Rudy is a 9-year-old German shorthaired pointer with a regal personality and loving owners who are divorced. The humans in his life agreed to a shared-custody arrangement: Every two weeks, Rudy goes back and forth between their two homes in western Massachusetts.
It was an informal deal, worked out with no help from a divorce court. During the breakup, however, Christina Trinchero and her ex-husband brought up the subject of Rudy with their lawyers. “Both of them said: ‘Sorry, we can’t help you with that. You have to figure it out on your own,’” she recalls.
Almost 80 million U.S. households, or roughly two-thirds, own a pet, according to a 2015 survey from the American Pet Products Association. For every five American couples who get married in a given year, two couples get divorced. At a time when Americans increasingly are delaying having children, pets can be the most crucial question raised by a divorce or breakup: Who gets custody of the companion animals? Yet courts have little to say on the issue.
Traditionally, the law sees pets as property, no different from a couch or a house plant. That can feel bizarre, given that the average dog or cat has a market value of zero—and, in fact, can cost thousands of dollars to feed, walk, and keep healthy. But emotional attachment can turn a beloved pet into a valuable bargaining chip in divorce negotiations.
“People use the animals against one another,” says Natalie Reeves, a New York-based divorce lawyer at the firm ToniAnn Grande and an expert on animal law. In bitter divorces, she says, “you take whatever another person loves the most and try to use that against them.” That might mean demanding the cat, even if the animal is more attached to your ex.
“You hate your ex—I get that—but your pet doesn’t.”
Judges have a lot of discretion in how they divide property in a divorce. You can strengthen a claim if you can prove that you used your own money—earned before the marriage—to buy the pet or pay for its veterinary bills, Reeves says. Judges are also increasingly considering other factors when splitting up pet-owning couples, such as the best interests of the pets or the families that love them.
When two women were divorcing in 2013, a New York judge agreed to hold a rare hearing on their fight over a dog. “Although Joey the miniature dachshund is not a human being and cannot be treated as such, he is decidedly more than a piece of property,” Judge Matthew Cooper wrote. The ruling was one of the first times a court had ever explained reasons for considering pets as more than property, making it influential even though Judge Cooper is a lower-court judge. The couple eventually settled their dispute out of court.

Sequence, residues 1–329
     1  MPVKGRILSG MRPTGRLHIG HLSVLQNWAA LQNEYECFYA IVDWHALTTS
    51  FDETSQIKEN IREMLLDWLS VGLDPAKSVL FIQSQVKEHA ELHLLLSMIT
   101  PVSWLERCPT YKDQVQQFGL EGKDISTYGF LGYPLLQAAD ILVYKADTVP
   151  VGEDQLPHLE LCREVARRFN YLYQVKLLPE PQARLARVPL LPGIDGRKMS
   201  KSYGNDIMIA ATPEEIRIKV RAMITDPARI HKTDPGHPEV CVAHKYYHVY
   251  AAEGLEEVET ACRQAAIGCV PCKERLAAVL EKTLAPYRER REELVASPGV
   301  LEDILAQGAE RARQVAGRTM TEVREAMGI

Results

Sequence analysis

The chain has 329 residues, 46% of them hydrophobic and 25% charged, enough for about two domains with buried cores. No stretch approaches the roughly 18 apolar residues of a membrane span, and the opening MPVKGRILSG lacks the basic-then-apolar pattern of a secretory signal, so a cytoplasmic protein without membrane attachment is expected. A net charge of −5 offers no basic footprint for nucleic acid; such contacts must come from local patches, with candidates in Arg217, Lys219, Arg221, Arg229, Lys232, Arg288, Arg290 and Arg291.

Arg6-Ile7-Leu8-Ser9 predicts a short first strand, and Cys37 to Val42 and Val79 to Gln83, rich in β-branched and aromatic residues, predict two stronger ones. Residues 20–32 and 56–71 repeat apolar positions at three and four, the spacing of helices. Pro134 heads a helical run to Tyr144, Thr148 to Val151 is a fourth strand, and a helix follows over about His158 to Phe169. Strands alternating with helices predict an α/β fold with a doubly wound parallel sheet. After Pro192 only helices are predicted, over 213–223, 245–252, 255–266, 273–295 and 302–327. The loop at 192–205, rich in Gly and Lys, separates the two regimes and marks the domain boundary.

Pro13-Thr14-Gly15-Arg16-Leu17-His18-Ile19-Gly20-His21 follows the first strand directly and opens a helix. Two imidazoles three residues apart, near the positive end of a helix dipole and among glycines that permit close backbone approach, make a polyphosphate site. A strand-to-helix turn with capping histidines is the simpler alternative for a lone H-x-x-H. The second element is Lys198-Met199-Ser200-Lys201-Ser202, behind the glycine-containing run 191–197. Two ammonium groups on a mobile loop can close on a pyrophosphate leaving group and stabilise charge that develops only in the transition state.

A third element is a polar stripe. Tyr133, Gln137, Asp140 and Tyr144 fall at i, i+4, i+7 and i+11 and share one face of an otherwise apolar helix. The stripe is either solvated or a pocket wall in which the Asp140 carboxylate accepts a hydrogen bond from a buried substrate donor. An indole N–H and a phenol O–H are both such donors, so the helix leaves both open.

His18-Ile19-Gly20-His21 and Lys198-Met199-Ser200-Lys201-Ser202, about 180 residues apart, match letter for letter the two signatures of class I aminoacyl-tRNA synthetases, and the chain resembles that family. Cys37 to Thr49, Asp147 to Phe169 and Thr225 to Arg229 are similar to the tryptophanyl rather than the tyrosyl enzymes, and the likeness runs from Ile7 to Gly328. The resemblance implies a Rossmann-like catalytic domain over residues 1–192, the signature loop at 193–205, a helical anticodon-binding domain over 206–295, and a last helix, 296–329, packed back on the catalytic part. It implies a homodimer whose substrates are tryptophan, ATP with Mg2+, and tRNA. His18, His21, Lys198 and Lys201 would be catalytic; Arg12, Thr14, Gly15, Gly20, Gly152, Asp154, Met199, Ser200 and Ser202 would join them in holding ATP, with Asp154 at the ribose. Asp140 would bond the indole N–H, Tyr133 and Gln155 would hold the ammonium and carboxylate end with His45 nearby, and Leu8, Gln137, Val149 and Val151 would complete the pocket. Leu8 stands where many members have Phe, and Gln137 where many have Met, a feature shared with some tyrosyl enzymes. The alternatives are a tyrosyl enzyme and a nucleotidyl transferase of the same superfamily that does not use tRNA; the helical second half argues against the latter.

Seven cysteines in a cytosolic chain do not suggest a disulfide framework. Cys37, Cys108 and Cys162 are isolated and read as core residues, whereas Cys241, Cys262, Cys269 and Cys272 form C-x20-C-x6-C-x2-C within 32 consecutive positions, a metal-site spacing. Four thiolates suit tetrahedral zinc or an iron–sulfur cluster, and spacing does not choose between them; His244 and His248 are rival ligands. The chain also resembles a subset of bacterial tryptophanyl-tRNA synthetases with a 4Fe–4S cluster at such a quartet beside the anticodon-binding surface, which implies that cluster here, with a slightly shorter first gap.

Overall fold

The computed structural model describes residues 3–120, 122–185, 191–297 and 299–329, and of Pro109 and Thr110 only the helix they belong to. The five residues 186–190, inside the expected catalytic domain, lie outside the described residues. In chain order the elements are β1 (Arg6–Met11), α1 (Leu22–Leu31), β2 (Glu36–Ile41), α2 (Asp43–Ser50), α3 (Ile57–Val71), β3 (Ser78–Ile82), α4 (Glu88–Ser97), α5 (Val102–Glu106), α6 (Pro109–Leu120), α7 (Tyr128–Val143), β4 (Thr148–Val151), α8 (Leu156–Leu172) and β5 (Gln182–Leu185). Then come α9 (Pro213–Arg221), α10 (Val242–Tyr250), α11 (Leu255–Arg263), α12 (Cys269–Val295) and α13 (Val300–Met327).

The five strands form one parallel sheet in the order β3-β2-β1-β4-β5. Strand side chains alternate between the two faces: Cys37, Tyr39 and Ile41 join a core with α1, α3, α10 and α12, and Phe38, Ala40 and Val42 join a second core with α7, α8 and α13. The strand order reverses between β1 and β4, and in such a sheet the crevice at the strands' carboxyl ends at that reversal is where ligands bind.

Judges, including Cooper, have so far rejected the idea of ordering joint custody arrangements for pets. They also refuse to hold custody hearings for pets in the same way they do for human children. Couples can hire lawyers to negotiate a private contract, separate from their divorce, to settle questions of pet custody. In practice, Reeves warns, there’s no guarantee any court will take these agreement seriously. These deals can also be expensive to negotiate and enforce.
“Although people are very emotionally attached to animals, in the vast majority of cases they can’t afford to fight over them,” says Joslin Davis, a family lawyer based in Winston-Salem, N.C., who is president of the American Academy of Matrimonial Lawyers.
Debra Vey Voda-Hamilton, a former divorce lawyer, started a firm, Hamilton Law & Mediation, specializing in resolving pet disputes outside of court. She tells her clients: “You hate your ex—I get that—but your pet doesn’t.”
Dog owners sometimes scale back custody demands when they think through the implications of owning the pet while single, Hamilton says. “They want the dog, but they don't recognize the amount of time and care it takes to take care of the dog.” Agreements reached through mediation can be very detailed. Owners might be required to use groomers or dog walkers to transfer pets between homes, ensuring exes don’t have to see or interact with each other.
Rudy’s divorced owners didn’t go that far. When it’s time for the shorthaired pointer to switch homes, they just text or call each other. It works, Trinchero says, because both she and her ex-husband recognize Rudy as their “shared responsibility,” even if it’s pretty much the only connection they still share.
Trinchero takes Rudy for long walks, her ex takes the dog out pheasant hunting. “He’s a member of our family,” she says. “We knew the dog was important, and we would make it work no matter what.”